You may have heard of Planet X or Nibiru. Ghostly planets said to haunt our solar system. Today we’re going to look at a forgotten hypothetical planet first encountered on a cool autumn night in 1934.
But this planet, like the astronomer who discovered it, vanished just as quickly as it first appeared, leaving only questions in its wake.
This mysterious celestial body was simply known as the Black Planet.
I. Dreams of Discovery
The astronomical community was ablaze with excitement in the early 1930s. With the discovery of Pluto in February of 1930, the international community was on fire. Every telescope was pointed skyward. There was a race on to see which astronomer could make the next big discovery.
An administrator at The British Royal Observatory in Greenwich, William Haywood Arundell went on about his work, pretending to not be bothered by the excitement all around him. He was largely responsible for doublechecking mathematical calculations and collecting together observations made by the astronomers. His was a desk job.
However, from his home observatory, this amateur astronomer dreamed of making a discovery of his own to cement his name in history beside that of Clyde Tombaugh, the discoverer of Pluto.
Arundell was an odd figure. Tall and somewhat ungainly, he went about in tweed jacket and bowtie, going about his business quietly. He was a reclusive figure to his neighbors and work colleagues. But to those whom talked with him on matters of astronomy found a quiet, abiding passion for the stars under Arundell’s placid exterior.
From his country home in Surrey, Arundell spent many wistful nights hoping to see something extraordinary, to be the first to see some great wonder through the lens of his homemade telescope.
It was here, at his home observatory, that Arundell first encountered the Black Planet. It was a crisp autumn night in late 1934. It was late at night. A bout of nervous energy had kept Arundell up. He had quite forgotten what time it was.
Then all of a sudden he was asleep. He fell asleep so quickly that he didn’t realize he was dreaming when he opened his eyes.
He could no longer look straight at his charts. The data on them seemed to slide around and elude his gaze (anyone who has tried to read anything while in a dream will know what this is like).
Then he looked up.
Outside his window hung a black disk in the night sky. He at once realized it was a planet, but impossibly close. It was many times larger than the moon and hung like a circular curtain, blotting out stars. He knew it was a planet, though the small, logical side of him told him this was impossible.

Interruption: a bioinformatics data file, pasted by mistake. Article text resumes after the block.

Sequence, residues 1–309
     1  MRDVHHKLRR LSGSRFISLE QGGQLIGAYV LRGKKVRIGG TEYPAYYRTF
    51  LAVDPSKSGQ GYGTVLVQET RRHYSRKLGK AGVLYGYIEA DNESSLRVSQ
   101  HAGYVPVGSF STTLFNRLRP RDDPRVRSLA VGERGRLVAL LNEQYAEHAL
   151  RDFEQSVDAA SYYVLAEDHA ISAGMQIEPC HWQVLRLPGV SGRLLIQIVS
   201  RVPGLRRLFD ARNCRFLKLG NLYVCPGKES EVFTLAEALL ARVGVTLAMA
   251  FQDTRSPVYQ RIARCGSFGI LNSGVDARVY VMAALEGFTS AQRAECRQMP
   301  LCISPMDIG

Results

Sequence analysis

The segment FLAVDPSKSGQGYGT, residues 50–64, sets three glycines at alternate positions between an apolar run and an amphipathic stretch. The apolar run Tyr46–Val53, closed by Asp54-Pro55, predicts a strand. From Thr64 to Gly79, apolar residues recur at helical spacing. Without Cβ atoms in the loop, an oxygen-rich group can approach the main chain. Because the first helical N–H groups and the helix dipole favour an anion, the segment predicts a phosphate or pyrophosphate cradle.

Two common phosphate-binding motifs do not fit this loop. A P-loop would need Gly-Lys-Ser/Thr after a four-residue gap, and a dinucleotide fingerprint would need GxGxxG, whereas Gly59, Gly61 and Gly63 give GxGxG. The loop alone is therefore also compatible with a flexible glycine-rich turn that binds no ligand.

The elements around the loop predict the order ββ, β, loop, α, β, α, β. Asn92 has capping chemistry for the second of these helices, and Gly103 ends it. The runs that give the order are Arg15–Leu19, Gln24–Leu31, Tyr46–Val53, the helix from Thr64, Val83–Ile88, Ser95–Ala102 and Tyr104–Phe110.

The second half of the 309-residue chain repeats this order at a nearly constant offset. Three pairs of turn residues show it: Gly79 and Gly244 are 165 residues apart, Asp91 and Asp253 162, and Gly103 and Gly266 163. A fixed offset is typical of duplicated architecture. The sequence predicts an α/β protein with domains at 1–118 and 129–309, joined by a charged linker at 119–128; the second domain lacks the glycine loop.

He could just make out details on the part of the planet where an arc of moonlight fell: the lighter points of mountaintops surrounded by twisting black valleys of deep shadow. It seemed a very enchanting world, under its shroud of perpetual night.
He woke up with a start and immediately wrote down what he saw in his diary:
“Though at that moment I knew I was of course dreaming, I couldn’t but help and marvel. There was something awfully real about the world, as strange at that sounds now. It was like an ornament or a bauble hanging their, taunting me, enticing me. The moment I woke up, I swore then and there to find proof of just such a planet actually existing.”
True to his word, Arundell set out to discover the planet which he had seen in his dream.
II. A Shadow Beyond Neptune
A silent change came over William Haywood Arundell. Many of his coworkers didn’t notice until much later. But this amateur astronomer was now on a quest to find the dark planet of his dreams.
What had been merely a hobby became an obsession. Arundell spent almost every night looking up at the night sky through his telescope at his Surrey home. He yearned to see the planet of his dreams. His journals became nothing else but his mission. It’s all he thought about, all he dreamed about.